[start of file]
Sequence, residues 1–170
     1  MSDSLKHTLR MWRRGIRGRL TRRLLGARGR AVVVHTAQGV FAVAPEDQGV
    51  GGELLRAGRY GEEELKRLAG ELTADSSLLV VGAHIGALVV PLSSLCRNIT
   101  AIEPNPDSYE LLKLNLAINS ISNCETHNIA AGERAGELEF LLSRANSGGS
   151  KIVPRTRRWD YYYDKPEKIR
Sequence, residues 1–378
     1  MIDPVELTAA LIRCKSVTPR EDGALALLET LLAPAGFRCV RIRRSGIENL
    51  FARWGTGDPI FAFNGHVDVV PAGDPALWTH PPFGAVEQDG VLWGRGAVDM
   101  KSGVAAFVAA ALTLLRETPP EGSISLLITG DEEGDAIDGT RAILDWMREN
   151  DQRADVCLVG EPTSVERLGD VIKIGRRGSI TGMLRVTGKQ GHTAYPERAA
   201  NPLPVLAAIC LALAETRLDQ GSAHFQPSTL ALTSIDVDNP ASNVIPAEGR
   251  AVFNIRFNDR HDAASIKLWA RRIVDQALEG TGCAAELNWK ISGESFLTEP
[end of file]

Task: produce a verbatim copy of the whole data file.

Sequence, residues 1–170
     1  MSDSLKHTLR MWRRGIRGRL TRRLLGARGR AVVVHTAQGV FAVAPEDQGV
    51  GGELLRAGRY GEEELKRLAG ELTADSSLLV VGAHIGALVV PLSSLCRNIT
   101  AIEPNPDSYE LLKLNLAINS ISNCETHNIA AGERAGELEF LLSRANSGGS
   151  KIVPRTRRWD YYYDKPEKIR
Sequence, residues 1–378
     1  MIDPVELTAA LIRCKSVTPR EDGALALLET LLAPAGFRCV RIRRSGIENL
    51  FARWGTGDPI FAFNGHVDVV PAGDPALWTH PPFGAVEQDG VLWGRGAVDM
   101  KSGVAAFVAA ALTLLRETPP EGSISLLITG DEEGDAIDGT RAILDWMREN
   151  DQRADVCLVG EPTSVERLGD VIKIGRRGSI TGMLRVTGKQ GHTAYPERAA
   201  NPLPVLAAIC LALAETRLDQ GSAHFQPSTL ALTSIDVDNP ASNVIPAEGR
   251  AVFNIRFNDR HDAASIKLWA RRIVDQALEG TGCAAELNWK ISGESFLTEP